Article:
These are my notes from David Warlick’s session.
The fact that this session is very full tells me people are hungry for ideas about the Read/Write Web.
David’s presentation is all about the way these new tools are changing information. As a preliminary, David explained how his material is all online and in addition, has a wiki available for global editing and collaboration. A note taking feature is also attached to the wiki so anyone can include their notes. Will Richardson, who is sitting right in front of me is already placing notes on the wiki. A good number of people didn’t know what a wiki was.
David shows us 4 gray scale images and us if we can recognize them. Most couldn’t recognize more than 2. He asked everyone to share what they knew. “How many learned one by asking their neighbour?” Most said they did. A simple but great activity for demonstrating the power of collaboration. I might steal that one.
His son plays the Euphonium. He shows us the article in wikipedia and poses the question about whether or not it should be used. Classic responses around trust, credibility, authorship and censorship are elicited. Vandalism is fixed within 2 minutes. David talks about gate keeper issues and suggests using it with 5th graders and having them verify the validity of the article. Wikipedia now boasts 1,000,000 articles compared to 65,000 with Britannica. Nature magazine research concluded that the average wikipedia article has 4 errors compared to 3 with Britannica. Students can now be part of the global discussion. We need to teach students to prove the authority rather than assume it.
Mash-ups are web based applications built to import data from other sites. One of those visually demonstrates news stories that occur globally on a world map. David captured the daily map over the summer of 2005 and created a movie to show where news happened.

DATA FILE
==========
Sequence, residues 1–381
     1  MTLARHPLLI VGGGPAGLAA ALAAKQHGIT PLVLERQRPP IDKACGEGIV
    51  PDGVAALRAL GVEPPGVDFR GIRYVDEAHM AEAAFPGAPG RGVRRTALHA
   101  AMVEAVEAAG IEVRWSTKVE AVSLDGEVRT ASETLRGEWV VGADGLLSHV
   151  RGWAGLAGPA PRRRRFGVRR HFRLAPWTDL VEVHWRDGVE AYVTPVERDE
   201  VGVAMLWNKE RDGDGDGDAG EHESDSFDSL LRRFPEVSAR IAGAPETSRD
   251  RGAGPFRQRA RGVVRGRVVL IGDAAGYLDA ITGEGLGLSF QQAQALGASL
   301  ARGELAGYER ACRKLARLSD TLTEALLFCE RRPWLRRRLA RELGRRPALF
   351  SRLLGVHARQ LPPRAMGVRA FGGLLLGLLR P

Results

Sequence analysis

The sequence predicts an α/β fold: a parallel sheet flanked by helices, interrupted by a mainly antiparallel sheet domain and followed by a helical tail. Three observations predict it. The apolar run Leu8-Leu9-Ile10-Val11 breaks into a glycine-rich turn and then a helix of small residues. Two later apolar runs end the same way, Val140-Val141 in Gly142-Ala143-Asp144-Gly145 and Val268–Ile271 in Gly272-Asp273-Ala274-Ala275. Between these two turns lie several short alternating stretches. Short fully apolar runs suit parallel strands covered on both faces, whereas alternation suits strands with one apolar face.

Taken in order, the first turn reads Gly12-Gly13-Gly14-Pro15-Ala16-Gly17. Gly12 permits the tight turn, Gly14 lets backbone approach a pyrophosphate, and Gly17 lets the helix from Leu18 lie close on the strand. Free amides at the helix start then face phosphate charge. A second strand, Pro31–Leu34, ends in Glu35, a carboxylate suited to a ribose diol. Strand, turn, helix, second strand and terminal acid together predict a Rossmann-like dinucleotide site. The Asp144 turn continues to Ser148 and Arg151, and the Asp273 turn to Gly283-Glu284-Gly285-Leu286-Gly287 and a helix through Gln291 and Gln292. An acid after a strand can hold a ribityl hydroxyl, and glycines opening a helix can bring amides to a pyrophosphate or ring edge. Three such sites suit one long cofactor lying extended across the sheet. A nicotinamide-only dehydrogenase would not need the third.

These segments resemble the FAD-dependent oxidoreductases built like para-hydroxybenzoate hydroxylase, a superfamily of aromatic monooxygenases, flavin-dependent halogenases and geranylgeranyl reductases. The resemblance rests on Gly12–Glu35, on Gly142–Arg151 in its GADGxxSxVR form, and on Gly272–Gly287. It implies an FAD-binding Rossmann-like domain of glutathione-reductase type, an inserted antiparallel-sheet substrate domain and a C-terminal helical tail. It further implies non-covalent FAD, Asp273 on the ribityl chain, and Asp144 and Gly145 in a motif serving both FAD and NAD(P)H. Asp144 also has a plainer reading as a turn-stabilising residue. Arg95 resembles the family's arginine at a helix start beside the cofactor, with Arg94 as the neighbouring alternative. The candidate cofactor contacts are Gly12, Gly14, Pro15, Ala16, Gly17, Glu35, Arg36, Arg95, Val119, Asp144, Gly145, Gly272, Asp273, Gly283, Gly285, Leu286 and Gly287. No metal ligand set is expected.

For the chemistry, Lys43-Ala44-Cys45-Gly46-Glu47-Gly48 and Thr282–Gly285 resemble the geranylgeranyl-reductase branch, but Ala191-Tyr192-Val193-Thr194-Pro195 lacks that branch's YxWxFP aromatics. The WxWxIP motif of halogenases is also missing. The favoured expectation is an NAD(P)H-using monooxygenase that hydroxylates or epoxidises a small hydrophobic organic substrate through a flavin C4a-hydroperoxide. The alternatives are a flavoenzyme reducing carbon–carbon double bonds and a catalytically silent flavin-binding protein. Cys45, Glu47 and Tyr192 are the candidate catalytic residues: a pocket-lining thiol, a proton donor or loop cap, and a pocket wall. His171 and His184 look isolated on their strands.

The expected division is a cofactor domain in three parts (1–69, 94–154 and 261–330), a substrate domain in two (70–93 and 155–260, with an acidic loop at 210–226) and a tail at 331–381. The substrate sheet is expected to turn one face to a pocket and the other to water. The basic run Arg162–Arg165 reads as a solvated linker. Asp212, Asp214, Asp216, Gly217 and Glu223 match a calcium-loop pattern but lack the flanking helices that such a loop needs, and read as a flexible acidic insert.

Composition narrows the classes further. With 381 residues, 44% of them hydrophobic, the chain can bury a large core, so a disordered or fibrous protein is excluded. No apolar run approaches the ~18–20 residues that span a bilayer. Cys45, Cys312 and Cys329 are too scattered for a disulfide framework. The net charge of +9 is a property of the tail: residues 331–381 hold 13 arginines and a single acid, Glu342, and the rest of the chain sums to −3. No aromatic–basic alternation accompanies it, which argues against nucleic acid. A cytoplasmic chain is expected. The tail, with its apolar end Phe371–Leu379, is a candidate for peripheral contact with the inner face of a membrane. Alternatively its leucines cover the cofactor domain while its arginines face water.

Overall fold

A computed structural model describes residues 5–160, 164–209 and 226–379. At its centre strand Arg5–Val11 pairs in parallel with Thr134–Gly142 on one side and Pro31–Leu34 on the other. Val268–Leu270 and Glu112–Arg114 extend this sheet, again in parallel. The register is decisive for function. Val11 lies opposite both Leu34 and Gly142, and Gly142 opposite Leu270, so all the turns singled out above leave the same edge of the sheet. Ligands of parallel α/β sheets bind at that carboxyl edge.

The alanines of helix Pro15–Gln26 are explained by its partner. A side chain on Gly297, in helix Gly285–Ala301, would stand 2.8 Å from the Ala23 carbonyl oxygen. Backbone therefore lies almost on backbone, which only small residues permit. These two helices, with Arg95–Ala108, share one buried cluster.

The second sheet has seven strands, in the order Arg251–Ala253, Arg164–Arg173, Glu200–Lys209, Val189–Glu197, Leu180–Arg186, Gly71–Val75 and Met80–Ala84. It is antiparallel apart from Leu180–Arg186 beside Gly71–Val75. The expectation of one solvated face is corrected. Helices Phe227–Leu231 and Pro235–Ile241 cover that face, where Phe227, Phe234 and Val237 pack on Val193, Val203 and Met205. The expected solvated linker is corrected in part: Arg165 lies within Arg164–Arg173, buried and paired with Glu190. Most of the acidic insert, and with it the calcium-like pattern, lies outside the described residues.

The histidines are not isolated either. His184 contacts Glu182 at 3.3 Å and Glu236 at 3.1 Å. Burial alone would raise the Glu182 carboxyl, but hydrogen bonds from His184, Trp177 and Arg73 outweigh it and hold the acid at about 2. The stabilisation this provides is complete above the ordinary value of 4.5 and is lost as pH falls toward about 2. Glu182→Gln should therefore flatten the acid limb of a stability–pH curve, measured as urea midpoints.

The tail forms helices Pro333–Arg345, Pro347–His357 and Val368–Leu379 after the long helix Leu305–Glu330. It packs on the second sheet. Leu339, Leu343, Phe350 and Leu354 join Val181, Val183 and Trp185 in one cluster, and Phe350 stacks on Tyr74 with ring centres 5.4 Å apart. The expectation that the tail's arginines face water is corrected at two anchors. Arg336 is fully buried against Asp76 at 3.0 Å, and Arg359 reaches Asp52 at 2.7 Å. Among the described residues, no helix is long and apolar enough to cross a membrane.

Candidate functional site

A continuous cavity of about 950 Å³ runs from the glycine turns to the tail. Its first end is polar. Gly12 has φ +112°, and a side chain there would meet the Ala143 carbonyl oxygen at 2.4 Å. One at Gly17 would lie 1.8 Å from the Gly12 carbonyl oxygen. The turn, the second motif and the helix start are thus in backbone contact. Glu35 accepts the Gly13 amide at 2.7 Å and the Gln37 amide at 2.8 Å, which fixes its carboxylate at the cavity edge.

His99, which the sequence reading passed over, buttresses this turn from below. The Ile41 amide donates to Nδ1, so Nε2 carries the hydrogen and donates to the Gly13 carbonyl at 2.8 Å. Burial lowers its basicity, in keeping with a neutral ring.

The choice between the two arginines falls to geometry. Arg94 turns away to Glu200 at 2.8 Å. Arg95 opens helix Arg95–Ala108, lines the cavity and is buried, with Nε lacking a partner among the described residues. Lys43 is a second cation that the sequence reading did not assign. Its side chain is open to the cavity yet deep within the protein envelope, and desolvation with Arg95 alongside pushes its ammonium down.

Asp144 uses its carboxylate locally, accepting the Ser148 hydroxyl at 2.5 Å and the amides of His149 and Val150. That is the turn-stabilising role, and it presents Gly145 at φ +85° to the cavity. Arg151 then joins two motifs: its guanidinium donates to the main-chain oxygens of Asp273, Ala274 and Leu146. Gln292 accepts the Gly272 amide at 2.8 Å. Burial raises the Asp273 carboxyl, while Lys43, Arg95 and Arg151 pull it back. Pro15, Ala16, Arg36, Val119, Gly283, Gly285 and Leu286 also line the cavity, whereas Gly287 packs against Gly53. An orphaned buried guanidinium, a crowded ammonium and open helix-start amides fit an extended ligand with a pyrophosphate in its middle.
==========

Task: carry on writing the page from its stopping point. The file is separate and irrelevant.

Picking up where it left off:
The long tail illustrates a growing market for everyone. David was able to publish his book 2 hours after it was written. He doesn’t plan to get rich but has been able to put his daughter through college.
Blogging began in the 18th century with pamphlets. The printing press allowed many people to publish. RSS allows you to keep track of blog entries and subscribe. He also shows how to subscribe to news feeds. We are training the information to find us.
Online bookmarking also incorporates RSS and tagging. Only 10 people have heard of del.icio.us.
David talks about the Personal Learning Network and his process of discovering others he can learn from. The idea of finding others through links and comments and finding powerful professional development.
The after the London bombings someone created a weblog and invited others to post. David shows some of the 2,000 photos that were submitted.
There weren’t many ideas here new to me but I appreciate the way David puts it together. I could tell many were quite amazed at the new landscape of learning. David and I entered the blogging world at roughly the same time and along with a host of others are experiencing many of these things together from an educational perspective.